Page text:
London Buses route 12

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12 WL.jpg
Operator Go-Ahead London
Garage Camberwell (Q)
Vehicle Volvo B9TL 10.4m / Wright Eclipse Gemini 2
Volvo B5L 10.4m / Wright Eclipse Gemini 2
Volvo B5TL 10.4m / Wright Gemini 3
Peak vehicle requirement 33
Night-time 24-hour service
Start Dulwich
Via Peckham
Elephant & Castle
Trafalgar Square
End Oxford Circus
Length 7 miles (12 km)
Level 24-hour service
Frequency About every 5-6 minutes
Journey time 38-65 minutes
Operates 24-hour service

London Buses route 12 is a Transport for London contracted bus route in London, United Kingdom. The service is currently contracted to Go-Ahead London.


Route 12 has a long history. In the 1930s destinations between as South Croydon and Brent Cross Station were served. By th 1950s, the route operated between South Croydon and Willesden Junction, although buses from Croydon generally ran no further than Oxford Circus and those from Harlesden no further than Dulwich.

The 12 was shortened to terminate at Norwood Junction in 1972, with new route 12A (later 312 and now 197) taking over between South Croydon and Peckham. On 25 October 1986, the route was reduced to operate only between Penge and East Acton. From 14 August 1988, the 12 was curtailed to Dulwich from the north, capacity being maintained by extending the 78 from Dulwich to Forest Hill and the 176 from Forest Hill to Penge. The western terminal was moved to Shepherds Bush in 1991 and to Notting Hill Gate in 1994.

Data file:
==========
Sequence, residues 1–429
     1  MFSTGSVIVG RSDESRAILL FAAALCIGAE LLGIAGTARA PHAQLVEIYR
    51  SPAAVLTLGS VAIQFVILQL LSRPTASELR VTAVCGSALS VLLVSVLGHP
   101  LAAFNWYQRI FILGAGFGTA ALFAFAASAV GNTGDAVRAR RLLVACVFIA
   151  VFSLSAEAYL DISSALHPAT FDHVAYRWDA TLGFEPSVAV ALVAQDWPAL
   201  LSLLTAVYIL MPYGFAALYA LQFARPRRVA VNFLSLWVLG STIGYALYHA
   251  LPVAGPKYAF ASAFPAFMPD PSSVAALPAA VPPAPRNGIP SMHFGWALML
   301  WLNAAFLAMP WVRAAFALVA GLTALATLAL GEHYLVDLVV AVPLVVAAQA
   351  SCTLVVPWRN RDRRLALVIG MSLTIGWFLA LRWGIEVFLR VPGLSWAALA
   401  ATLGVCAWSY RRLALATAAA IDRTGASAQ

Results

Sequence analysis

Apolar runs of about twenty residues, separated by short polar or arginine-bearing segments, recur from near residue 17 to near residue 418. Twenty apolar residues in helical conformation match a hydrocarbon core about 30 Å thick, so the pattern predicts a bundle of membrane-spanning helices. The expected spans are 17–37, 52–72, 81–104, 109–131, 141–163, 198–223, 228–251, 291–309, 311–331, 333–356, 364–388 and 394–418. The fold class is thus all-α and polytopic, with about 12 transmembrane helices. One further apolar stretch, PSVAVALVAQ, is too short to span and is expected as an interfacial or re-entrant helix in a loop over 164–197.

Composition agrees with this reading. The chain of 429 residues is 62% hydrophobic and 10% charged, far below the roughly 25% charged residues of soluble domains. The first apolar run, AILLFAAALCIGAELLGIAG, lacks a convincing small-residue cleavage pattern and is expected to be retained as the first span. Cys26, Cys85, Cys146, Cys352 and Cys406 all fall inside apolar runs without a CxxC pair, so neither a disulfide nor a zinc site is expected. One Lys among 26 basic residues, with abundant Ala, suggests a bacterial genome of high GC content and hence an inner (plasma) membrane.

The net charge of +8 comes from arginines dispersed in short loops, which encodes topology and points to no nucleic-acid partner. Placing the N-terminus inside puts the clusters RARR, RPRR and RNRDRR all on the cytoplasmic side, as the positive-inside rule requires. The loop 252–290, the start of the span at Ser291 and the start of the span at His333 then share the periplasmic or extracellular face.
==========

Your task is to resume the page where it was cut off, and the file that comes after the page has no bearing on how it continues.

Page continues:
The route was restructured in 5 November 2004, with the section between Oxford Circus and Notting Hill Gate withdrawn, although it was partially replaced by an extension of route 390 and frequency increases on parallel route 148.[1]


The route has been run from a number of garages. The computer scheduling system developed by London Buses in the 1970s is designed for a maximum of four garages operating on any one route; this was derived from the 12, which had four garages operating vehicles on it at the time.[citation needed]

Double-deck Routemaster buses operated on the route for over 30 years.[2] These were replaced by new articulated single-deck vehicles in 2004. The withdrawal of Routemasters from the route left the type operating on only seven routes in London, and caused the number in use to fall below 200 for the firs time in over 50 years.[1] The last day of Routemaster operation, in November 2004, saw the first appearance of an Ensignbus Routemaster on a London route.[3]

On 5 November 2011, route 12 was retained by London Central and was converted back to double deck using Wright Eclipse Gemini 2 bodied Volvo B9TLs and Wright Eclipse Gemini 2 bodied Volvo B5Ls, the PVR was increased to 41 and the frequency was increased.[4]

Cultural significance[edit]

The route passes a number of tourist attractions and landmarks,[5] and has been suggested as part of a cheaper alternative to formal bus tours of London.[6]

Current route[edit]


See also[edit]


External links[edit]